There’s no retail destination quite as skilled at discovering the next big thing as Moda Operandi. The unconventional luxury retailer operates on a rolling trunk show schedule, which allows their customers to pre-order and pre-pay for their REZA baubles, Danse Lente bucket bags, Dorateymur mules, SemSem denim dresses, Fabrizio Viti sandals and Lein modern suits. Understandably, these names are far lesser known than, say, Versace, Marni, Vera Wang and Hueb, but those burgeoning talents are a big reason why customers return to the site season after season (and in droves during Fashion Month) to stock up on stylish threads that they won’t actually receive until a few months after their purchase.
So it comes as little surprise that today, MO announced the creation of The Platform, a dedicated space on their site specifically for emerging designers. But it’s more than just a nice chunk of digital real estate; The Platform will serve as an incubator of sorts for young designers who could benefit from a well-heeled hoist from the world of retail.
Through this program, emerging and new designers will benefit from MO’s support, in terms of brand development and merchandise planning. Further, each designer will have their own trunk show under The Platform, while a selection of their in-season products will appear in the site’s boutique section.
The first class of emerging talents includes Markarian, Lake Studio, Yeon Park and Eleanor Balfour, all of which were selected for their design prowess, influential point-of-view, production quality and a pre-existing profile in the fashion sphere. Each of the brands has signed with MO for an online exclusive—meaning for a minimum of three seasons, their wares must not be sold on any other e-commerce site. They are, however, free to strike deals with brick and mortar boutiques.
According to Business of Fashion, this program will expand rapidly; in the next three years, MO is aiming to have 25 designers hosted on The Platform. The Platform will also help guide MO in their quest to launch their own private label, which is slated to debut in 2021, per BoF. While assisting this class of emerging talent, the online retail destination can begin to gather intel and start acquiring a network in the design and manufacturing space, that will serve as the groundwork for MO’s own line.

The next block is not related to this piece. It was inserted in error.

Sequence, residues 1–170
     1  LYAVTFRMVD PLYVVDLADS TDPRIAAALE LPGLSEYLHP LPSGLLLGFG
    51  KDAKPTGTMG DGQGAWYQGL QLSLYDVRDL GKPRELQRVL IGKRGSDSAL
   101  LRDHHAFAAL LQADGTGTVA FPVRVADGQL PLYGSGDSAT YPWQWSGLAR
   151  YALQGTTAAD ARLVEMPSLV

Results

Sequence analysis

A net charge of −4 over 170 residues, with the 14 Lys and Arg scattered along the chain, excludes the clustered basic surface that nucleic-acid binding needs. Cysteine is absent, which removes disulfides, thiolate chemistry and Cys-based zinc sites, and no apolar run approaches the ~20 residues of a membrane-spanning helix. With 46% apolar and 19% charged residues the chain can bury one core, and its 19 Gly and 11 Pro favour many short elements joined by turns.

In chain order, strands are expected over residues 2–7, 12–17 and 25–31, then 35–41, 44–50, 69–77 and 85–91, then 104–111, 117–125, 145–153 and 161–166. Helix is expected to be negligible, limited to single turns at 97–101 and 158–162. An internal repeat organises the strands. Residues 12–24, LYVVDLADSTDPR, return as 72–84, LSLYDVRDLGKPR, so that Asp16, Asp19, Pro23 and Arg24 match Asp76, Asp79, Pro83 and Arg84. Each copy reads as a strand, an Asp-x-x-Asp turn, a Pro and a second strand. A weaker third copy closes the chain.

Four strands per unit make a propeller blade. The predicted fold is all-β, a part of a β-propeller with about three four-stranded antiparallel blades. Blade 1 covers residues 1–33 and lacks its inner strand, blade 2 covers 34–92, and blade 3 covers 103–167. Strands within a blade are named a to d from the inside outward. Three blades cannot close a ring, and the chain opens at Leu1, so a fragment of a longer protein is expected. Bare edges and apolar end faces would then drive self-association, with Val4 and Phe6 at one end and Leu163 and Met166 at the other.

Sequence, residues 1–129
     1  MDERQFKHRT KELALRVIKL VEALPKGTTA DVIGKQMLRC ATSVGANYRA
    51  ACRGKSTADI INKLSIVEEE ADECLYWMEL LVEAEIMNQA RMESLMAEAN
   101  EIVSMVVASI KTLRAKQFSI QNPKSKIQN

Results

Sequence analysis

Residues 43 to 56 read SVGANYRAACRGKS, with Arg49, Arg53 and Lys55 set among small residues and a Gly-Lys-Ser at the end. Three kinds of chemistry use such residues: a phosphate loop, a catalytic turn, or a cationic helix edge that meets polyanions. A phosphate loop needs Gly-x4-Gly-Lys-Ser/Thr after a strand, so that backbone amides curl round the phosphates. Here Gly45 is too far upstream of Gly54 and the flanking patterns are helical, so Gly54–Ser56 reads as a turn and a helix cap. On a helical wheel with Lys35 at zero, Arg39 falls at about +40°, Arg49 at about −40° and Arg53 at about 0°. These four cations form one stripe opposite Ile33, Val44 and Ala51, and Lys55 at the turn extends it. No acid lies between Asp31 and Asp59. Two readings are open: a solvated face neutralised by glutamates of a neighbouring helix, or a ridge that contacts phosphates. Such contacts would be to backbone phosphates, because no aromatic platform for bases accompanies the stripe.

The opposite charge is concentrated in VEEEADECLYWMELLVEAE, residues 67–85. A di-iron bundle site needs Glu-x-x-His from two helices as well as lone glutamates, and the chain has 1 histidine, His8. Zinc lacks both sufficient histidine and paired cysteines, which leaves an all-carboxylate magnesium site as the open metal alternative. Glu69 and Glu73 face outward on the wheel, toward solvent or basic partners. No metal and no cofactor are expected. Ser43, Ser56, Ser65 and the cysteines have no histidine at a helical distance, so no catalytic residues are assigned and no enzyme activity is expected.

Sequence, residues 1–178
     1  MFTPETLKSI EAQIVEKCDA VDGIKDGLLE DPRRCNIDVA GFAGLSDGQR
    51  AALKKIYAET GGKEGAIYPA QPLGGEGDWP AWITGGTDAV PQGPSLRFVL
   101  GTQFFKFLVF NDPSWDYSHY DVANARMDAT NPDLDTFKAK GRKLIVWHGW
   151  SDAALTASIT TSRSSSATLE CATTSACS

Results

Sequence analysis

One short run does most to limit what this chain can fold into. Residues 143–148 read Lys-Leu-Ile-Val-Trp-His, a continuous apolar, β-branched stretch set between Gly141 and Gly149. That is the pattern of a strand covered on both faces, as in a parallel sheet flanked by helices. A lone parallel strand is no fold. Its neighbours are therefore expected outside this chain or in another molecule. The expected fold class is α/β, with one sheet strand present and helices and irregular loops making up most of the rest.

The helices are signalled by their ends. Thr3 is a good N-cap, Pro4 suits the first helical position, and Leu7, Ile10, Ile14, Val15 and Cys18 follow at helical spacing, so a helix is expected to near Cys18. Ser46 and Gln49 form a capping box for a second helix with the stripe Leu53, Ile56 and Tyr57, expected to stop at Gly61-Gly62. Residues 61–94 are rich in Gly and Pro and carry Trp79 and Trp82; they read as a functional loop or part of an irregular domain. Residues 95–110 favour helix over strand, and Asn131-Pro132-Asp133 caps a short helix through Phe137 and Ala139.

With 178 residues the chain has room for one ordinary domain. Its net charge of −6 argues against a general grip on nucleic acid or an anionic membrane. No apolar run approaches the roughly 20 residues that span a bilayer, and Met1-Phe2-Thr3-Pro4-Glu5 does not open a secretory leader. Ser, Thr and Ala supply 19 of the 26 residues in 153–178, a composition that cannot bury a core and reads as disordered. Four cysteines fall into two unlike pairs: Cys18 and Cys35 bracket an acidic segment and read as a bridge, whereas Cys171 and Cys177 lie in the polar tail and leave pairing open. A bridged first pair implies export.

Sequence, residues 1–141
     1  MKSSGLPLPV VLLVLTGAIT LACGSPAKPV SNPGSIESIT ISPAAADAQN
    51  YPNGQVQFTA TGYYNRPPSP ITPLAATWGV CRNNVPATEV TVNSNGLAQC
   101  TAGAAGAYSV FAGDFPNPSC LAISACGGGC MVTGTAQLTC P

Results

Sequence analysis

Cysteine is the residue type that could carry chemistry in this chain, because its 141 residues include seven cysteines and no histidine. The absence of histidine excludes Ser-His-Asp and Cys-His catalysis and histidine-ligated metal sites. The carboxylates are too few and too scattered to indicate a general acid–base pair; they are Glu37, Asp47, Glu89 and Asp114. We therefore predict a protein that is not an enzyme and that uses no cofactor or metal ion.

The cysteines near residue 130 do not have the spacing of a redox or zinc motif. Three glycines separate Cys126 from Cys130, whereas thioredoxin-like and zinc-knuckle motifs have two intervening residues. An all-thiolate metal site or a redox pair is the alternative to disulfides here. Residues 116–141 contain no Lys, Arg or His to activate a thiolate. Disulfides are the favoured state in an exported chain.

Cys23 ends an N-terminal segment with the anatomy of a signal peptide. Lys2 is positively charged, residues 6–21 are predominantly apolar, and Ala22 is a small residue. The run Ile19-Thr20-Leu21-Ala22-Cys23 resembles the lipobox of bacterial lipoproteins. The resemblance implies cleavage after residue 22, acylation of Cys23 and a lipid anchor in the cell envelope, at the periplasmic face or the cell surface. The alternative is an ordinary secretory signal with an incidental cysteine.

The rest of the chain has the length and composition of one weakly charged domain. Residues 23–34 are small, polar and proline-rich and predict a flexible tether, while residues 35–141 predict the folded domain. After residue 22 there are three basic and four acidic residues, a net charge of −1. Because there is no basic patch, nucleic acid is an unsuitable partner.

“The Moda customer is a highly sophisticated shopper who comes to us not only for well-known brands, but also to discover designers they may not be as familiar with—mixing labels and price points across all categories. We are dedicated to supporting and nurturing emerging talent, while at the same time, creating a highly elevated experience for our luxury branded business,” said MO’s CEO, Deborah Nicodemus.
While the designers are certainly in good hands at MO, it is a bit of a gamble for both parties. The retailer will be dedicating resources, effort and time towards growing the business of these wide-eyed newcomers, while the designers must forego other e-commerce opportunities—and possibly other sources of revenue—to partake in The Platform. It does, however, seem like in the end, it will pay off for everyone involved.
MO has always kept a discerning eye out for each of the brands they host on their site. “We treat our designers with the utmost respect; we understand that without them we have no product. So my order of priority is always the designer first. Is this in their best interest? Secondly, it’s the customer; are we serving her in the best way?” Santo Domingo told the Observer in January 2016. With this new incubator, it seems like the answer to both of those questions is yes.
Click through the slideshow to learn more about the first designers featured on Moda Operandi’s The Platform.